Miss Pamela Gawler-Wright, a Certified Trainer in Ericksonian Psychotherapy and Neuro-Linguistics, is a renowned story teller and pioneer in utilizing therapeutic storytelling in the treatment of trauma, depression and anxiety.
So, what brought me to storytelling? I’m realizing that this was a therapeutic tool. I was actually studying what have been the therapies for other cultures, because the challenges that we face as human beings are not new. In the west, a dominant culture has been signed, but prior to that all cultures have had to deal with generational trauma and individual trauma. The stories within that culture are going to give us a great deal of understanding of not only how do we deal with trauma but then what are some of our taboos and limitations that could impede our healing. So, for example, we have just talked about sexual trauma, so the notion of a female patient now being broken forever more and then the assumption that this would not be something that a woman would recover from, is based in the idea of virginity being a commodity and then, if it’s broken, then that shame and that woman’s worth is diminished. In fact, that was a cultural view, of what would be the impact to trauma in term of term of how she is perceived. Sometimes, women who did recover from those experiences would then seem almost as outcasts, because they flipped the system. So, looking at the history in different cultures, the cultural stories and the epic stories, for all of us they contain symbols that give us resources and also warnings.
When a client would leave the room, for the last time, I would ask “What made the difference?” and I would want to hear “that wonderful intervention” or because they felt heard or something like that. And so often they would say something that would fell into place when you told them “that” story or when you used “that” metaphor. And now I think in terms of psychotherapy is about healing the conflict between our rational minds and our emotional somatic mind. The relationship, the language those two can share is symbol. A symbol can describe quite complex systems that the body knows about but which the cognitive mind finds very difficult to understand, because it thinks in black-and-white terms. A symbol is something that both those intelligences can understand and find a better report with each other. In terms of stories, this is quite important for me, in terms of structuring beliefs systems. Beliefs are mini stories: “If this happens, then that will happen”, a cause and an effect. There are complex strings of “a cause and an effect” in stories that reveal the belief system that has been torn asunder by a disturbing experience or which means that the story am carrying can never bring me to actually succeed in the outcomes that I want. Working with people’s imagination and structuring stories actually helps them not only to build this bridge between the cognitive and somatic but also to beginning to find more empowering beliefs.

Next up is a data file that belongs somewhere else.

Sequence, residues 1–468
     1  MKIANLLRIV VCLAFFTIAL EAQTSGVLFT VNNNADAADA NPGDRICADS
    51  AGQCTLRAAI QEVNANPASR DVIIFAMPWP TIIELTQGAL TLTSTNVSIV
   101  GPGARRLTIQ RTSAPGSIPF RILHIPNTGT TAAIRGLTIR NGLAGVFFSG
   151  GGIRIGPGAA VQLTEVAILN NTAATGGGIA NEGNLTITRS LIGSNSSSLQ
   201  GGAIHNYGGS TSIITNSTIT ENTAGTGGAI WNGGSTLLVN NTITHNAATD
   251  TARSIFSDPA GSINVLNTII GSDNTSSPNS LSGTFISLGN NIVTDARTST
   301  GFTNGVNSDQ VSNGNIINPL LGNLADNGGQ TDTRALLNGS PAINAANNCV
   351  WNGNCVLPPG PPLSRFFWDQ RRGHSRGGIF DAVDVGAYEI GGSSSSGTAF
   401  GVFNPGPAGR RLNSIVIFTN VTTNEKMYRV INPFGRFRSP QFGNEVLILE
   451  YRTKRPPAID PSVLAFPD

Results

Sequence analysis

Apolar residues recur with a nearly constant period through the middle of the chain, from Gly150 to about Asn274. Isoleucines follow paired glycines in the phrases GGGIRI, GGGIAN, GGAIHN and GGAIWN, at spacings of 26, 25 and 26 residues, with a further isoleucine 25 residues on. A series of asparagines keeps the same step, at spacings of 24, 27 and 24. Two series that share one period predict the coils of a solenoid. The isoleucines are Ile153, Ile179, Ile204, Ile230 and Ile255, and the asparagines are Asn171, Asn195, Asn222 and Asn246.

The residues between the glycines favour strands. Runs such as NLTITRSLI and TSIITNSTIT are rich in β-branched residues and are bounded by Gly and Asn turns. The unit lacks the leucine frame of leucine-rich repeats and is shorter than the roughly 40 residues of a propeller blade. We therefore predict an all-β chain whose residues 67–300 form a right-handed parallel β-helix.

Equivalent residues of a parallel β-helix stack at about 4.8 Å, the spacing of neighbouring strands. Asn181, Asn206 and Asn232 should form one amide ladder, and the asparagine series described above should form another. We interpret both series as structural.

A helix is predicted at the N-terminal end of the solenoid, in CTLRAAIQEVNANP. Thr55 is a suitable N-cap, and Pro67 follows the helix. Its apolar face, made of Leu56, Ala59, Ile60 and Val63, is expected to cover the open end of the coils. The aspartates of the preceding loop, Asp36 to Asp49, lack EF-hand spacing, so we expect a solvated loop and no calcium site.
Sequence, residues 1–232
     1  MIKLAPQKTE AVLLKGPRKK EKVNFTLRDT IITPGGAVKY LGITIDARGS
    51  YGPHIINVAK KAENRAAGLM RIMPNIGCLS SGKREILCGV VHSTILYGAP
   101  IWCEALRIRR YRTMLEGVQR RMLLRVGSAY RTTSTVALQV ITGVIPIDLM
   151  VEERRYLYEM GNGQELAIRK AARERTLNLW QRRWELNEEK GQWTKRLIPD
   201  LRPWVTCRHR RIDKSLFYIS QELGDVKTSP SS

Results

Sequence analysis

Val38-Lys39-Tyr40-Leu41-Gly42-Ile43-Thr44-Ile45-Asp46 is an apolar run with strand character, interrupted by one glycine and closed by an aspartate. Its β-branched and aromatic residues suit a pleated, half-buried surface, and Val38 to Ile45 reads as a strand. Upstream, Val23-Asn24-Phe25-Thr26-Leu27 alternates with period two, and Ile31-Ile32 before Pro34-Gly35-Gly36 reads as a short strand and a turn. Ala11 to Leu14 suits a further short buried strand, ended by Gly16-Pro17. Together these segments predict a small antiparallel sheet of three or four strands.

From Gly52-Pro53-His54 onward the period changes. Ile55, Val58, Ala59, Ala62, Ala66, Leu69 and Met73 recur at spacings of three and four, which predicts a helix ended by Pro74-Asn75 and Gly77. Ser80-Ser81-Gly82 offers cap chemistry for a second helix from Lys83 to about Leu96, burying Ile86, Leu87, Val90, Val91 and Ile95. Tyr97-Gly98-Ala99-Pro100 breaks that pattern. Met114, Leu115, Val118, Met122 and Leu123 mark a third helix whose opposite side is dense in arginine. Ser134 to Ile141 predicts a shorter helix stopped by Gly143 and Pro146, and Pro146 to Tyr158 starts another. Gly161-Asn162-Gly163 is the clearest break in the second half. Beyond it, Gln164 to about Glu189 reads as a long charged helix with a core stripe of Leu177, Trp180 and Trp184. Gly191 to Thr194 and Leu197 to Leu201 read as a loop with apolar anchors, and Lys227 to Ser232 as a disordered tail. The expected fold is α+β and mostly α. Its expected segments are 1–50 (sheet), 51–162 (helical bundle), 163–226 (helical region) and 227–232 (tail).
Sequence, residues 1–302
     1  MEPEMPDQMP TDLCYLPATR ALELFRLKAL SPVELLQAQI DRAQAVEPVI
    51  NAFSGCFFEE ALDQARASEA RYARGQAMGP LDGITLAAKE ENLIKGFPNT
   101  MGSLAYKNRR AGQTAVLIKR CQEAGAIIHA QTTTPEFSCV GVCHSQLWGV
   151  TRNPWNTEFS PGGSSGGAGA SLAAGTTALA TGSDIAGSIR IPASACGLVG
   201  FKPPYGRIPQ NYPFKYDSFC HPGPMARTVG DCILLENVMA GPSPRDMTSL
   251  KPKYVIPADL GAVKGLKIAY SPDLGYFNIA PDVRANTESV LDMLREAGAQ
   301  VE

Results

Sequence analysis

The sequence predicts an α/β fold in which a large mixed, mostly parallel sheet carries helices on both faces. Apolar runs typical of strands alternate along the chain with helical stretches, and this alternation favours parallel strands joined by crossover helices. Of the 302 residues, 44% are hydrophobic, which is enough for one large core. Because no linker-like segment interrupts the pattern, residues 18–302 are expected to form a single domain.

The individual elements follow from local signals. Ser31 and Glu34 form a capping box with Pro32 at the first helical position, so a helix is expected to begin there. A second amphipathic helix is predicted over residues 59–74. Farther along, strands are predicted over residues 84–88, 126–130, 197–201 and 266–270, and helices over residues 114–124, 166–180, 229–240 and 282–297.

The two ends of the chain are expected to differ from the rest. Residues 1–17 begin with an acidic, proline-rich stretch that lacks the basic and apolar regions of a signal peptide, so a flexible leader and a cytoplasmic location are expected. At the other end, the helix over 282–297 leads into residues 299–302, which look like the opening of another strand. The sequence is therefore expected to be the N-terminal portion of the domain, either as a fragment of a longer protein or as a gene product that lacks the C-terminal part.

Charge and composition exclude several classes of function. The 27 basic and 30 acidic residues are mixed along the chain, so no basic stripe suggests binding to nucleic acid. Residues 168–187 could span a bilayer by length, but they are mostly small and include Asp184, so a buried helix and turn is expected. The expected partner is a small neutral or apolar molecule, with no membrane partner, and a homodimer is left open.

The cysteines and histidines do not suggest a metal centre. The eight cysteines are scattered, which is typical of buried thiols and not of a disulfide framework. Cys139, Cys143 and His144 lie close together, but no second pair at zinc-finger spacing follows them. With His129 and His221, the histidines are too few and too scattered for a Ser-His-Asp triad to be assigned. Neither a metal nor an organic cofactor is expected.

Then, the other thing is that storytelling is the most “whole brain” we can be: you need every one of your sensory systems, your logical system, your memory, your imagination, everything is fired off. And stories work behind us. Stories create community: what we have shared, what we can understand, in terms of people feeling connection and empathy… If I tell you a story about one of my clients, for example, and I could tell you of how she got herself away from a really dangerous situation and how she went through a recovery – you have never met this person, she is not here, she is not now, but you’re willing to listen and begin to lend your own emotional reality to what goes on for her. So, stories not only help the storyteller and the creator to heal but they also help us to bind in terms of empathy, because listening to a story and making meaning of it is empathy in action.
Interviewer: Ana Luís Falcão
Recording and editing: Maria Moreno
Transcription: Ana Luís Falcão
Revision: Maria Tareco